Here’s what Minnesota House Speaker Kurt Daudt said in a press scrum after a House session last week, when he was asked about the potential for gun legislation and specifically about expanded background checks:

“I know there are ongoing conversations, kind of behind-the-scenes between members who are trying to work to find consensus on solutions that will really help reduce putting guns in the hands of potentially dangerous criminals. I think we all share that goal,” said Daudt, a Republican from Crown. “I know that those conversations are happening. I expect, or I hope, that those conversations can be fruitful and we can find some legislation that can get support of the Legislature.”

If that sounds to you like Daudt was saying there’s the possibility of a deal on expanded background checks, you would not be alone. His comments ­— captured on an audio recording — drew lots of media coverage, seemingly a glimmer of hope for supporters of stricter gun laws despite fervent opposition in Daudt’s own caucus.

But if that’s how you understood those words, you’d be wrong, according to Daudt. He took to the Facebook page of a gun-rights advocate to deny that’s what he meant:

“This is total fake news by the drive-by media,” Daudt wrote. “I have a perfect voting record on guns since I’ve been in the Legislature and I have the highest ratings with every group that rates our actual votes. The media doesn’t understand gun issues enough to understand what I was even talking about. This is unfortunately all too common with our media. Appreciate the support from people who know how strong I’ve been on guns. Point the arrows out folks.”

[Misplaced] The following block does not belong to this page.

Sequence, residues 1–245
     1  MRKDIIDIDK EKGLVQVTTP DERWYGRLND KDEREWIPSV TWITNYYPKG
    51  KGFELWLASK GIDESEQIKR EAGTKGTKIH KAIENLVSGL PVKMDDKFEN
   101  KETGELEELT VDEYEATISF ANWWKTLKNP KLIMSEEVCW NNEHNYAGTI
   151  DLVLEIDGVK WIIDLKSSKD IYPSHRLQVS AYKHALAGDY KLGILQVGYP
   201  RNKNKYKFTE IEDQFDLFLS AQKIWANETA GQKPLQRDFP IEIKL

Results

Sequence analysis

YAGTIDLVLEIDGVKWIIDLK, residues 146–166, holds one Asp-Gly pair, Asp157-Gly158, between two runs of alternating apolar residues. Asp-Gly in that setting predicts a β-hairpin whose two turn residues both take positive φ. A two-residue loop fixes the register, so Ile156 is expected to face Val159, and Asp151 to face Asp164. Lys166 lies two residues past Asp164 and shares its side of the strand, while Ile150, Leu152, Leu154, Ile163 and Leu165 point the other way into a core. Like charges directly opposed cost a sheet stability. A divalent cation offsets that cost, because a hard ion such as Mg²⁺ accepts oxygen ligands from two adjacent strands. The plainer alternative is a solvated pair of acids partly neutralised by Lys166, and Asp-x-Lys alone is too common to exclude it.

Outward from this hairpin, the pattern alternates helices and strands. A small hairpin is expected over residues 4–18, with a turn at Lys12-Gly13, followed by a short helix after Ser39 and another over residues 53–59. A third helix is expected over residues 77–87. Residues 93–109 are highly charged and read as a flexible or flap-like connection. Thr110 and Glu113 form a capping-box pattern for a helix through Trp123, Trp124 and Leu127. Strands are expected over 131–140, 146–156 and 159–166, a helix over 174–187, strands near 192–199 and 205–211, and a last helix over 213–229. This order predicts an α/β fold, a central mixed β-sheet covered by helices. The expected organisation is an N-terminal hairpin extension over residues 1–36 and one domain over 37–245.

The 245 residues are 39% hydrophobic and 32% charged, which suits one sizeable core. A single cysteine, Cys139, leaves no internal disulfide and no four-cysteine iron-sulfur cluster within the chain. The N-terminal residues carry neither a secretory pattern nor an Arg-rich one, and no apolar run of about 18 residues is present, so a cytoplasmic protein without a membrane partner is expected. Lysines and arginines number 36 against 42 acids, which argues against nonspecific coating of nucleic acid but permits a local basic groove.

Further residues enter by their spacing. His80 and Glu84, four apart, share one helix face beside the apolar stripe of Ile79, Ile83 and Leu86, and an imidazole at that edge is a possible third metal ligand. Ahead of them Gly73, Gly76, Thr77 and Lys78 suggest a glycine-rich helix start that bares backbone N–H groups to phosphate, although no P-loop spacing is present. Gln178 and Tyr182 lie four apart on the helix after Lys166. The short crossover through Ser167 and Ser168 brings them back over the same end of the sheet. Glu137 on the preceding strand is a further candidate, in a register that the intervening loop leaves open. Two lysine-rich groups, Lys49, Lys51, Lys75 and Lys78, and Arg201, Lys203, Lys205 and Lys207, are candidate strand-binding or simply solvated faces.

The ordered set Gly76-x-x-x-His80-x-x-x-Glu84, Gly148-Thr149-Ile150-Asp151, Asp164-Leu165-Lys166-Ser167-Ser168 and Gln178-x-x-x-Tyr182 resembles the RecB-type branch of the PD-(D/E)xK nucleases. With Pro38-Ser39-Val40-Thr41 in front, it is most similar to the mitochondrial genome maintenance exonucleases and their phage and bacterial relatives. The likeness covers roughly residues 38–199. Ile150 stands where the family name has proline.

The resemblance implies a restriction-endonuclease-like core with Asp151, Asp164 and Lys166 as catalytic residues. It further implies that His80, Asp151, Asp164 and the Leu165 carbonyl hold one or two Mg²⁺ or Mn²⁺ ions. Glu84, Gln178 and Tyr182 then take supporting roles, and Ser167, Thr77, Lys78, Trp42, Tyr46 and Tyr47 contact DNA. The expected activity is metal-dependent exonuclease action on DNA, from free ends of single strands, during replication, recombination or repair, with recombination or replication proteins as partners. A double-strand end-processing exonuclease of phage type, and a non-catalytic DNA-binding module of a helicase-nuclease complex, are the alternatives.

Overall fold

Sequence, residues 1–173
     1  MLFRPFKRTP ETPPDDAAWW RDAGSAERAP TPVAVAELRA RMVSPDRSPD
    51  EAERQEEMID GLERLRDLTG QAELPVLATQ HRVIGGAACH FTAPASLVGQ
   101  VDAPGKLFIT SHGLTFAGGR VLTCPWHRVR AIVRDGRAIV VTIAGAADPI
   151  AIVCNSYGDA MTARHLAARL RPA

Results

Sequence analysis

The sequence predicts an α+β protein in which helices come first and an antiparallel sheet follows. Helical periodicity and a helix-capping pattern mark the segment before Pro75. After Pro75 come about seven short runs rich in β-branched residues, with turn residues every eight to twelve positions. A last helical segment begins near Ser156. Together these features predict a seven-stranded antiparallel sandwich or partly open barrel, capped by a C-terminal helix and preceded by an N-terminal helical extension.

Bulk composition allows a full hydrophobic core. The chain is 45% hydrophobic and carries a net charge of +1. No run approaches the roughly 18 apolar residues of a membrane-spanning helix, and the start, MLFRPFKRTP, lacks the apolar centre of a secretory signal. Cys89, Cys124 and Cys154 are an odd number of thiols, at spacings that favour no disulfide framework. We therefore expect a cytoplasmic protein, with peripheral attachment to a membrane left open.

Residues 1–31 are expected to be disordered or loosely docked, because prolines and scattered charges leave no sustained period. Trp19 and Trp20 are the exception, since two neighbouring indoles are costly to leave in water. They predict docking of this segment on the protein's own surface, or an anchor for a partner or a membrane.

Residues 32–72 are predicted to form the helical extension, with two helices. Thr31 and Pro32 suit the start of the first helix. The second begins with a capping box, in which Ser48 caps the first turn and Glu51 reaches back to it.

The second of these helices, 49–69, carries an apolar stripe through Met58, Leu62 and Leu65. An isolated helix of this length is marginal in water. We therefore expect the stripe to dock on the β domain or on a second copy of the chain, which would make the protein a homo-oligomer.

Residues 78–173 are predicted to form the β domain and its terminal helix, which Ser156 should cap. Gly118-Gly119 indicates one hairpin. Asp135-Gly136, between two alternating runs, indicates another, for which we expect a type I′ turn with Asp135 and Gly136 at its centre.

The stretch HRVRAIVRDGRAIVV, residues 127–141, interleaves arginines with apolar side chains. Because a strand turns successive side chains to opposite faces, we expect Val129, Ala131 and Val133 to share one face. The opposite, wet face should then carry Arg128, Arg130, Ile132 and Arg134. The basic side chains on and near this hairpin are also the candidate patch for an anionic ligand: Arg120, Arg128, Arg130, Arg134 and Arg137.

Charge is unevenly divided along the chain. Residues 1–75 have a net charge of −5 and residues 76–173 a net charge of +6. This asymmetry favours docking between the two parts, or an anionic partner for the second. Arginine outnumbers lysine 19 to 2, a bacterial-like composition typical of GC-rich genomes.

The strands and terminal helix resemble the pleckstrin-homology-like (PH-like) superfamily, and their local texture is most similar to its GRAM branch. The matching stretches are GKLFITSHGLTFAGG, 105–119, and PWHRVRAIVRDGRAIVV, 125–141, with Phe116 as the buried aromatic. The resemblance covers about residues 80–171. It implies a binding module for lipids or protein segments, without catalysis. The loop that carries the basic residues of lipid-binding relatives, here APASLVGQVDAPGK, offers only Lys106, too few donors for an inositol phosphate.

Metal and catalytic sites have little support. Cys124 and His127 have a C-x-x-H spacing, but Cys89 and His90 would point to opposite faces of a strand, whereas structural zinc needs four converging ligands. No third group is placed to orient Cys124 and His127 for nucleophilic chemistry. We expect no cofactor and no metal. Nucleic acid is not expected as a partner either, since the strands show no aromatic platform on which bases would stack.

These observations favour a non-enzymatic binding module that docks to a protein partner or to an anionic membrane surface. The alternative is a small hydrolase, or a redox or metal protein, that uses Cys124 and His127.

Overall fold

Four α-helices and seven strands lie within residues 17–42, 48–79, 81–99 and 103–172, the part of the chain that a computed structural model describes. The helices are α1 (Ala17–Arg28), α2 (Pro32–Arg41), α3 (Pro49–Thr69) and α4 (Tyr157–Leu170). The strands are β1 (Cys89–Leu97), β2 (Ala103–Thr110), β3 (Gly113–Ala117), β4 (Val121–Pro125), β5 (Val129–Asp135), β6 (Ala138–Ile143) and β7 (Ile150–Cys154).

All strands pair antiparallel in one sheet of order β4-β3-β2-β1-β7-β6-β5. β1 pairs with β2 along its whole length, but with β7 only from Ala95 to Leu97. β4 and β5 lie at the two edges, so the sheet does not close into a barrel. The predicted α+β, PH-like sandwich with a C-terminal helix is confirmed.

He continued: “I was very precise in my answer. Also, our Legislature is pro-Second Amendment, saying ‘legislation that can gain the support of the Legislature’ should automatically tell you it would need to gain the support of pro-Second Amendment supporters like myself.”

If you’ve been listening to Daudt for a few years, this vague commitment had a familiar ring: He “hopes” something can “get support of the Legislature.” But it also served a definite purpose. Daudt gave a sliver of cover to his suburban members who fear anti-gun money in the fall election and whose constituents support stricter gun laws. After it blew up, he was able to rely on plausible deniability to appease gun-rights advocates on social media. It was, in short, a tour de force.